Dust flew around my hand on the oak railing.

“Your paper about copper mines in Michigan, and worldwide trade over 10,000 years ago, turned heads.”

At basement bottom, a coffin-shaped box was being carried out the door.

“What is this place?”

“The world can’t know humans vacillated between space and stone-age for over 1,000,000 years. You’re caretaker of this secret.”

I was in awe of a radio built 950,000 years ago when the door slammed.

I heard it lock.

Behind the door was a message: “You will not leave this place until you die.”


The Land of Bobbies! by Ritu Bhathal

Wherever you turned, they were there.

If you popped out for a bite to eat, guaranteed there would be at least four you would see in the establishment.

On your way to work, you were sure to be flanked by a couple.

Putting your rubbish out on collection day, there would be eyes on you.

Even in your home, you couldn’t escape. At least one family member was going to be one.

Still, at least you felt safe, if a little intimidated, by their presence.

That’s what you got for moving to Copper Country – The police were just everywhere!


Copper Country by Drake Scott

“Now listen to me Judith, you need to understand the situation here. It won’t be much longer until they’ll be able to pull one proton from a zinc atom and whamo! turn it into copper. The tech is there and its getting pushed through regulations as we speak.”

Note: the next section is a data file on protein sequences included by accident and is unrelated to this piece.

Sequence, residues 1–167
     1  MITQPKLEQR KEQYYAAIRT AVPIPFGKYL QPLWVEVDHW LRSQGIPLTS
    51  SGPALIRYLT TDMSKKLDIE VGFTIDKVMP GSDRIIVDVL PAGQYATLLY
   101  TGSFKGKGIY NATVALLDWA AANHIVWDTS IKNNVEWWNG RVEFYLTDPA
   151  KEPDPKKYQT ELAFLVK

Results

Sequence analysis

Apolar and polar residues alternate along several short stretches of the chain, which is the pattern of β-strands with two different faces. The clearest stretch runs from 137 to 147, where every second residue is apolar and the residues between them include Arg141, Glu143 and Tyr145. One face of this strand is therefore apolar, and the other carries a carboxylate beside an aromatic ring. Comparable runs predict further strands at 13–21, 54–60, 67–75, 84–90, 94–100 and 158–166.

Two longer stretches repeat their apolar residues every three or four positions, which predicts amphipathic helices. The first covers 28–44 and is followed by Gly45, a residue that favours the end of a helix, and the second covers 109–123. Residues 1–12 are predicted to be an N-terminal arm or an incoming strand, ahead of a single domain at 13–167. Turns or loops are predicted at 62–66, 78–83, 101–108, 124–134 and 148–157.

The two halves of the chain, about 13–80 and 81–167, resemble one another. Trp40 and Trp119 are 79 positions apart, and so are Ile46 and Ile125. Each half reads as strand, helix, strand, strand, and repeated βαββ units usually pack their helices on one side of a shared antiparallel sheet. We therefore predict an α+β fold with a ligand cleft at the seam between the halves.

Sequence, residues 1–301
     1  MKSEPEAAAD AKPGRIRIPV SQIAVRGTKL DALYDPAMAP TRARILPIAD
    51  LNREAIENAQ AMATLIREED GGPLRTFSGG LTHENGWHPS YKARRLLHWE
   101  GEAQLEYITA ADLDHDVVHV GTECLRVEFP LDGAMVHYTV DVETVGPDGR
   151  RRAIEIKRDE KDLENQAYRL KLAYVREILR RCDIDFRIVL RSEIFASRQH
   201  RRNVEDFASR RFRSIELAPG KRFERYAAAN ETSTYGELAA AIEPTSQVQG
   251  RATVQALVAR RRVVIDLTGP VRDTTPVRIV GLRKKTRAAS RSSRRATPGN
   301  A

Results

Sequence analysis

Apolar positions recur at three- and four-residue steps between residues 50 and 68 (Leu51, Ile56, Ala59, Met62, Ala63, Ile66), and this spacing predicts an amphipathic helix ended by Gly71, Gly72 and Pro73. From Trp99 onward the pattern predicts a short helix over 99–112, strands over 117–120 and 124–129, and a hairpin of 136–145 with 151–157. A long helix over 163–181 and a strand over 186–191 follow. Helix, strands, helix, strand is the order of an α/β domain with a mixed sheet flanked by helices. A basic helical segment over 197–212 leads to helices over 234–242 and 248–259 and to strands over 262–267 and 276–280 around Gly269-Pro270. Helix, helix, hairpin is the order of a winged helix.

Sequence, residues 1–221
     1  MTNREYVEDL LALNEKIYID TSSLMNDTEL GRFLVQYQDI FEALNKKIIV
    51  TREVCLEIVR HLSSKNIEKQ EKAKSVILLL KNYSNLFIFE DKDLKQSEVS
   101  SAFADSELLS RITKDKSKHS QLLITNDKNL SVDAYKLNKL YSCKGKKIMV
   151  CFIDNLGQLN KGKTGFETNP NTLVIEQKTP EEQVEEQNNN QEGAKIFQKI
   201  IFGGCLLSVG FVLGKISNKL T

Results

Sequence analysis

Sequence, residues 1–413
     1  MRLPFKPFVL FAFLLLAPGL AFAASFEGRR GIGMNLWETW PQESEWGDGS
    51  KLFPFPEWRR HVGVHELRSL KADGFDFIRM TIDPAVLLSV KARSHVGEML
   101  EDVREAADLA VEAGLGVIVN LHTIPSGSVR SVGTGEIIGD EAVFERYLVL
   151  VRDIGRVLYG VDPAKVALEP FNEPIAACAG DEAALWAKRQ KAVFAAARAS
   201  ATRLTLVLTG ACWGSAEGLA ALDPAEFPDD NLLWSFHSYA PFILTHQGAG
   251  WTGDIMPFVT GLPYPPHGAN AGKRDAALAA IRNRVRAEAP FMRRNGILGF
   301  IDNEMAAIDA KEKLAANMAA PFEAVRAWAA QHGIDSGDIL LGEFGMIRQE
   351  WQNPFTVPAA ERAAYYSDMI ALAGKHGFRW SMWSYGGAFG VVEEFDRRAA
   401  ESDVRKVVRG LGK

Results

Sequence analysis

Judith’s heart sank as she thought about what that would mean for her family who’d owned the copper mine for the last two Earth centuries.

“But its not too late. Sell the mine before the market crashes and you can walk away a winner. The offer is good until Tuesday…Earth time.”


Ray, Arizona by Mr Macrum

Atop Teapot Mesa, a Great Spirit cast sad eyes over the mile deep mine below. He had witnessed mountains grow tall and rivers gouge deep. He had never seen creatures as destructive as these puny humans busy carving out the base of his home. Did they not understand they were only hastening their own destruction?

Great Spirit shrugged. He was but a witness tasked with remembering all that he saw and reporting back to Her. He was her eyes. It would be up to Her how to handle these ingrates and the overwhelming insults they heap onto her back.


Elemental Problem by D. Avery

“Hey Kid.”“Hey Pal. Got a copper?”

“Ya mean sheriff?”

“No, copper.”

“Ya mean like a penny?”

“No, ah, heck Pal, I may have ta cop out on this round-up. I don’t know nuthin’ about copper or copper country.”

“Gonna cop a plea of ignorance, Kid?”

“Yep. Anyway, the hosses’ve left some gems for me ta shovel. They’s all shut up in the barn what with all the snow.”

“That’ll test yer mettle.”

“Yeah, I’ve shoveled so much shit I should git a medal.”